RICHMOND, VA (WWBT) - This morning, two US Congressmen, Eric Cantor and Bobby Scott, got together in one room looking at both sides of the issue of the healthcare reform facing the US House and Senate.
Meanwhile, many people came to speak their mind about a conversation dominated nationally by controversial town hall meetings. But, this was not the such. In fact it was a very civil Public Square, held by the Richmond Times-Dispatch.
Yet, some emotions were running high, mostly in reference to the question on just how this healthcare reform is going to be paid off.
Both Congressmen agree the current system is unsustainable and something needs to be done. They say that's 80% of the battle they agree on, but then there's that 20% they don't agree on. Them, along with several other Republicans and Democrats.
For the people in attendance, which was sold out with 225 people 30 minutes before the presentation, were given 2 minutes to talk, but many went over. The general consensus is that many questions remain, focusing on the public option and that big issue: cost.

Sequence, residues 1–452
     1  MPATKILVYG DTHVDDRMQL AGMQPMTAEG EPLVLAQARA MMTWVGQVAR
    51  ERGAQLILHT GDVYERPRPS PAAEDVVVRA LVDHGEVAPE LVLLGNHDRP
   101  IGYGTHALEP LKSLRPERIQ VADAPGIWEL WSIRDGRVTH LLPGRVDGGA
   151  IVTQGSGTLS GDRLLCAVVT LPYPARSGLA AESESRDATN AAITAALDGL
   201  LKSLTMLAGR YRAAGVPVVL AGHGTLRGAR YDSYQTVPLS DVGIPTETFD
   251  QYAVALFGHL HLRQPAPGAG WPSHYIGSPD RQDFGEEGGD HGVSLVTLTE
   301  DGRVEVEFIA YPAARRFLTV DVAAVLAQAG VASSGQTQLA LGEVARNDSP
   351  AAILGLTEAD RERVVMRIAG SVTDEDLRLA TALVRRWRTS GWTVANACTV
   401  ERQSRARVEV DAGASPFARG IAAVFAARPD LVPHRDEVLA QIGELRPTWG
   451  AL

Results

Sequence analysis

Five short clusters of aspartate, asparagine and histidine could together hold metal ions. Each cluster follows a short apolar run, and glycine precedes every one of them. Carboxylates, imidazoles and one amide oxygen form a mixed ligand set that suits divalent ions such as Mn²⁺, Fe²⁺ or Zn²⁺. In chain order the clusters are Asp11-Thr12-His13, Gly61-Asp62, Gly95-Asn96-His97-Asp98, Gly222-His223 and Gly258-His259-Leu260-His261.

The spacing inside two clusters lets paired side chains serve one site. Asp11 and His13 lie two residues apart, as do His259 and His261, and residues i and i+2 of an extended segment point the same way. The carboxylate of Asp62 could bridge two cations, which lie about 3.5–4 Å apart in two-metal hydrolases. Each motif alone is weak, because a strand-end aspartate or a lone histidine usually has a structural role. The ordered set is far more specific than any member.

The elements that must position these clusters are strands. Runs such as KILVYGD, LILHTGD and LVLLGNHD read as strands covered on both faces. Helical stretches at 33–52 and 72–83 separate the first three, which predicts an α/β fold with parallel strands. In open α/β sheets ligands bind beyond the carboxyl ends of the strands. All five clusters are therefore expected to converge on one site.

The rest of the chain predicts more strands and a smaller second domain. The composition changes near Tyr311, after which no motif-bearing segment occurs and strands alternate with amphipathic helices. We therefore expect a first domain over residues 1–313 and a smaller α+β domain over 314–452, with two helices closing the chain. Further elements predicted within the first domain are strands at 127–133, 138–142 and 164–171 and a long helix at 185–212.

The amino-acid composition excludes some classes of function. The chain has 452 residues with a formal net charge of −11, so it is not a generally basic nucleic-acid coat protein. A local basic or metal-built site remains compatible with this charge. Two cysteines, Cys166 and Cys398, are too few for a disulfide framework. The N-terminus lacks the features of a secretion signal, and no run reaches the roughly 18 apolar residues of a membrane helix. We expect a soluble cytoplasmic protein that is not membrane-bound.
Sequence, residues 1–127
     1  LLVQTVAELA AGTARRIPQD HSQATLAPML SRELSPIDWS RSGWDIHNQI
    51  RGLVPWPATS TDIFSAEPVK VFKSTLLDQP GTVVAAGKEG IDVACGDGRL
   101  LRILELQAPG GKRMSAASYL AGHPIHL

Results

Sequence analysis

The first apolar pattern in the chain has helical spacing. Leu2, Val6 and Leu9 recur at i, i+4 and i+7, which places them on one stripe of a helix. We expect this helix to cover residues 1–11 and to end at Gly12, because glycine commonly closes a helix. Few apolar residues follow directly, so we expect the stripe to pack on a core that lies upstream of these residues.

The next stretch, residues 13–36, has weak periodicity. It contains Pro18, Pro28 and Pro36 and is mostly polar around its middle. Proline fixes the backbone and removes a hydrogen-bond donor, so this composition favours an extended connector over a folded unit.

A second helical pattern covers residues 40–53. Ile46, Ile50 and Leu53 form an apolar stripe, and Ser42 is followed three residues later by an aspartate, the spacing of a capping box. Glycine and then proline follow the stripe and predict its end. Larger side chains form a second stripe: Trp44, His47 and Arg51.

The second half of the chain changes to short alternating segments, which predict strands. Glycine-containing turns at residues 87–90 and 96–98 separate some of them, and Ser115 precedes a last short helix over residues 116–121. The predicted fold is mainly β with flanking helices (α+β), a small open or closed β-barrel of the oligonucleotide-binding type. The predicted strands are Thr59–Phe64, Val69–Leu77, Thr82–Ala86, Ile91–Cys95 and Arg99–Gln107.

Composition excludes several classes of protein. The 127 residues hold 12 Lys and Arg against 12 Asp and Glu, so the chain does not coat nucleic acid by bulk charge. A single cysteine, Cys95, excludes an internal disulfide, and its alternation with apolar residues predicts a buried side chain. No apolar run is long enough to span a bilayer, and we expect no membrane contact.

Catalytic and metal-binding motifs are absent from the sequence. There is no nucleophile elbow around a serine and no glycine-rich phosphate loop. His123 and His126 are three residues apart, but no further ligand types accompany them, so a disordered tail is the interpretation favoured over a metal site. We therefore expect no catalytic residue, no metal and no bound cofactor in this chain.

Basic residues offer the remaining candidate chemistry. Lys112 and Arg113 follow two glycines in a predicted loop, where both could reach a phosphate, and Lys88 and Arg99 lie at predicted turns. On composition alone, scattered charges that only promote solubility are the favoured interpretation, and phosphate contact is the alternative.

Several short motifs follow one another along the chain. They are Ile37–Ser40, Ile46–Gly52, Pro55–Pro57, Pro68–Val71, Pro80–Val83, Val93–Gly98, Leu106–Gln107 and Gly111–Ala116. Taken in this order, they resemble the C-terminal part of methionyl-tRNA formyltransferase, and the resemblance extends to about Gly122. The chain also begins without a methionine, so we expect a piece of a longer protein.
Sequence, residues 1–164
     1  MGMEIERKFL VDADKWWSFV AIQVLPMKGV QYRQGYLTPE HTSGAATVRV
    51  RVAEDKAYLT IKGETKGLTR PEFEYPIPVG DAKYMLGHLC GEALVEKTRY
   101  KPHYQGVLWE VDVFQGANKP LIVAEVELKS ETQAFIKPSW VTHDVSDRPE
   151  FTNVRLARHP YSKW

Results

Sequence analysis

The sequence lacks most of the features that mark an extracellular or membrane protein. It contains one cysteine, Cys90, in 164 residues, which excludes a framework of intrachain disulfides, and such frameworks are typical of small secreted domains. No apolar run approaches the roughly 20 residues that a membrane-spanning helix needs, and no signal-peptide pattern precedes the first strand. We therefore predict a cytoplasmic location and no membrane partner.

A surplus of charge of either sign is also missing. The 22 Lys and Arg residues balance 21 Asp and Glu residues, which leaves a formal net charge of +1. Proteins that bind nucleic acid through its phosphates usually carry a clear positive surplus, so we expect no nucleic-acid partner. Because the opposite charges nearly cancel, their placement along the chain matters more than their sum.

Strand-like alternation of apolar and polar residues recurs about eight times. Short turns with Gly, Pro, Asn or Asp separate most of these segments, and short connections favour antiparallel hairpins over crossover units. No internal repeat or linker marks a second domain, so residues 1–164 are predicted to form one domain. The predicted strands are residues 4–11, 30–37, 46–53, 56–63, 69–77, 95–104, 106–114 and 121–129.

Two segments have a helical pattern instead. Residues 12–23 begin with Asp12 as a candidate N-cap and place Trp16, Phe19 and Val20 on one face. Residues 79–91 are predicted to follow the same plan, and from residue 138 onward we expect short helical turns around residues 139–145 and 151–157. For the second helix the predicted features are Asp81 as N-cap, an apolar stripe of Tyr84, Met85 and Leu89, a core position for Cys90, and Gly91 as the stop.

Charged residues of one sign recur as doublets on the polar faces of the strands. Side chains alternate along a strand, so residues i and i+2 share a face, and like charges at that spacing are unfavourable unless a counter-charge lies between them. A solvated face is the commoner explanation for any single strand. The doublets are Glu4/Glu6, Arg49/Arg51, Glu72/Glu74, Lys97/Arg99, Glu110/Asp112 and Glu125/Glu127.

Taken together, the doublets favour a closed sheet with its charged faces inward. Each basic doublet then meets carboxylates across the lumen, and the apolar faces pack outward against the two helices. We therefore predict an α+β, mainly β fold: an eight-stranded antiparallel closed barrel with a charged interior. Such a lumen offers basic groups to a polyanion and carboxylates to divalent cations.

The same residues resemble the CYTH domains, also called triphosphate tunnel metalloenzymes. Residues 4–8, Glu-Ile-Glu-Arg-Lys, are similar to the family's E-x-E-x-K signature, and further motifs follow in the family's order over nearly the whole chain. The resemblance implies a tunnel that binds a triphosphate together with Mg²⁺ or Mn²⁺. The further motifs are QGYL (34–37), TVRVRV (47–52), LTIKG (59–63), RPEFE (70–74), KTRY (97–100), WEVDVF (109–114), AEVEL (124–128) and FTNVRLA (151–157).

"I don't know what it's going to cost. It's hard to be for something when you don't know the cost," says Dale Jones. He is currently undecided about the bill as it stands.
"It is overreaching.... unacceptable," says Randy Randol, who is against the bill as it stands now.
On Sunday, President Obama went on a media blitz to 5 different Sunday morning news programs. In those programs, he told reporters that the healthcare reform would not increase taxes to those he said he would not increase it, when he was running for President.
"You want to control the costs. It's not free. The plan we have will increase taxes for those over $350,000. We feel that's viable," says Congressman Bobby Scott of the 3rd VA Congressional District.
Meanwhile, Congressman Cantor has a different opinion. He tells us the Senate version of the bill actually has what he calls a tax increase. He says that tax increase is what President Obama says is not a tax increase. "It is a tax that we have to be mindful of. We don't want to have people having to pay higher taxes in this tough economy."
"I think we will have healthcare reform... by the end of the year," says supporter of the bill as it is now, James Payne.
That's yet another debate among those representing us in Congress. Congressman Cantor feels something might be done by the end of the year on healthcare reform. Meanwhile, Congressman Scott is not sure about a timetable, considered the issues at hand.
This week, the Senate is scheduled to take up healthcare reform.